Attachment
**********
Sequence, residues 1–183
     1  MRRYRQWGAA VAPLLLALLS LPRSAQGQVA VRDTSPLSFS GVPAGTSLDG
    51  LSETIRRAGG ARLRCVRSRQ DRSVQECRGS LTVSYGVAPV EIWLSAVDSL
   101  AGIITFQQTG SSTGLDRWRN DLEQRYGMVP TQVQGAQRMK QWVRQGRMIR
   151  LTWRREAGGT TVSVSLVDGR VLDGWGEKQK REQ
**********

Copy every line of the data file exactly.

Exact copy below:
Sequence, residues 1–183
     1  MRRYRQWGAA VAPLLLALLS LPRSAQGQVA VRDTSPLSFS GVPAGTSLDG
    51  LSETIRRAGG ARLRCVRSRQ DRSVQECRGS LTVSYGVAPV EIWLSAVDSL
   101  AGIITFQQTG SSTGLDRWRN DLEQRYGMVP TQVQGAQRMK QWVRQGRMIR
   151  LTWRREAGGT TVSVSLVDGR VLDGWGEKQK REQ